This is a column that’s long overdue, and I’m glad that the homie Rizoh over at The Rap Up made it happen. Like artists in all mainstream music genres, rappers can’t just bank on their talent to be successful – they have to be perceptive enough to make moves that insure that said talent shines through and reaches the most people. This editorial on The 13 Worst Career Moves in Hip-Hop History chronicles situations where artists’ decisions ended up hurting their chances for success. An excerpt:

8. Charles Hamilton naming J. Dilla the executive producer of his album
Recently, Charles Hamilton has been on rap’s radar not for his talent but because of his ability to turn folks off with his personal commentary. He had a huge buzz going no matter what folks thought about him and then he named the late J Dilla as the executive producer of his debut album. What Charles perceived as paying homage to J. Dilla, with whom he claims to have some type of a paranormal relationship, was perceived by others as disrespectful. We haven’t really heard much from Chuck since that fiasco.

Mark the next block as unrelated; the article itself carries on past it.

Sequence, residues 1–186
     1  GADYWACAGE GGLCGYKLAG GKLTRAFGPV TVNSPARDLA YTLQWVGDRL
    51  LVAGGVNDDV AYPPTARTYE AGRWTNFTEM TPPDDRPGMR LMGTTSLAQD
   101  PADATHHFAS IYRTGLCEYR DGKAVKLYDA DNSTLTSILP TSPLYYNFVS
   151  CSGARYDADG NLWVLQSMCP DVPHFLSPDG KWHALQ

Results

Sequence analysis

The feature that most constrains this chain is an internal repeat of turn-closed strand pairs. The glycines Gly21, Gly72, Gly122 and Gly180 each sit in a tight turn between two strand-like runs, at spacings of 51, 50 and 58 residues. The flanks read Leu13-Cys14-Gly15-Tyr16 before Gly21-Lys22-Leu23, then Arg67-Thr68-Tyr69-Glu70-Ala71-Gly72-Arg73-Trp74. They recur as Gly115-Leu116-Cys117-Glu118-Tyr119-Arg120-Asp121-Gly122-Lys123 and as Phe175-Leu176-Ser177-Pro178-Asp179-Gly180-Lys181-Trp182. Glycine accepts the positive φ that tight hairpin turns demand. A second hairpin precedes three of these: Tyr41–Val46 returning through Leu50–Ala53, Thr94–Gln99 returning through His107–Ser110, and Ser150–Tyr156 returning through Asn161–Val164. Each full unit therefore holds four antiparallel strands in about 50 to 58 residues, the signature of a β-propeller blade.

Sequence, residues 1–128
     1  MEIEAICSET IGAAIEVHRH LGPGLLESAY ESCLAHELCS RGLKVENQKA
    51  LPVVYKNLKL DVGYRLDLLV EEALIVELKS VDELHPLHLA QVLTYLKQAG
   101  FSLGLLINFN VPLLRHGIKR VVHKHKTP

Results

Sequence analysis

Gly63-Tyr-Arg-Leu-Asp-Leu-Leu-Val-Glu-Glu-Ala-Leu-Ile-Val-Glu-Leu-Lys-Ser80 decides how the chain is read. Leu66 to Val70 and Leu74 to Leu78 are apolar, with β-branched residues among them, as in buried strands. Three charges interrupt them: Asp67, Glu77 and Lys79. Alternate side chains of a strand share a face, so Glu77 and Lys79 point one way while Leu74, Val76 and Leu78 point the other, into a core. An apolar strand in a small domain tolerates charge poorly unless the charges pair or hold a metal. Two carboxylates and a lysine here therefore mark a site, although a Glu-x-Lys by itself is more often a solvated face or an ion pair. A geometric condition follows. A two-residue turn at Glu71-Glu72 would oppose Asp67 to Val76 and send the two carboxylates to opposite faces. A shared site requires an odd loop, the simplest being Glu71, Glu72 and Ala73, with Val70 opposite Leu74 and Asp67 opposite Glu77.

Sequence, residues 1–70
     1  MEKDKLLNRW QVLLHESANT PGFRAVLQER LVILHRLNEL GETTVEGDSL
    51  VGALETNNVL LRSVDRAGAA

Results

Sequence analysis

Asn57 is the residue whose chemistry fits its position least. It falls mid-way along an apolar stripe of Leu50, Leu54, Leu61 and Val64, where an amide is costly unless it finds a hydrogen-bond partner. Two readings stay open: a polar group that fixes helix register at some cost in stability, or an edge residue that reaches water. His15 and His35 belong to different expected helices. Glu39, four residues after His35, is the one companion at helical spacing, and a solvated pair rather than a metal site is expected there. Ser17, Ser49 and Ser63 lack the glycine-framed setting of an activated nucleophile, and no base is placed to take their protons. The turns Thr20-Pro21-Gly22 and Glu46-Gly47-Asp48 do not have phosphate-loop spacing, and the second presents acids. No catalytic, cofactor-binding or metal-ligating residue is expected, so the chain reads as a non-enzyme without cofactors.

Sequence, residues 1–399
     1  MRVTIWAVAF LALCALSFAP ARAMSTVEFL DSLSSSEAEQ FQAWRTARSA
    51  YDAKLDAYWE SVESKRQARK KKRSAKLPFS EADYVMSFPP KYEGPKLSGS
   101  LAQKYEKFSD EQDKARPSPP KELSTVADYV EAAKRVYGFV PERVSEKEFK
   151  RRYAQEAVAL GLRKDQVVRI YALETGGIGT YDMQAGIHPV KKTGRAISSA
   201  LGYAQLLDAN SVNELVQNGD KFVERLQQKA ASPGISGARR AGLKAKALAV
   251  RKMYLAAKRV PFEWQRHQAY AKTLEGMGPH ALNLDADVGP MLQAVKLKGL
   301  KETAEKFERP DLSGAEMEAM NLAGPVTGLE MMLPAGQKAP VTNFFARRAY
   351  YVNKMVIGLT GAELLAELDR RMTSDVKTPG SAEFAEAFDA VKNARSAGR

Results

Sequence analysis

The likes of Canibus, Young Buck, MC Hammer and Ja Rule are all included here. Shouts to Rizoh for such an official piece.

[via The Rap Up]

8. Charles Hamilton8. Charles Hamilton naming J. Dilla the executive producer of his album
Recently, Charles Hamilton has been on rap’s radar not for his talent but because of his ability to turn folks off with his personal commentary. He had a huge buzz going no matter what folks thought about him and then he named the late J Dilla as the executive producer of his debut album. What Charles perceived as paying homage to J. Dilla, with whom he claims to have some type of a paranormal relationship, was perceived by others as disrespectful. We haven’t really heard much from Chuck since that fiasco. naming J. Dilla the executive producer of his album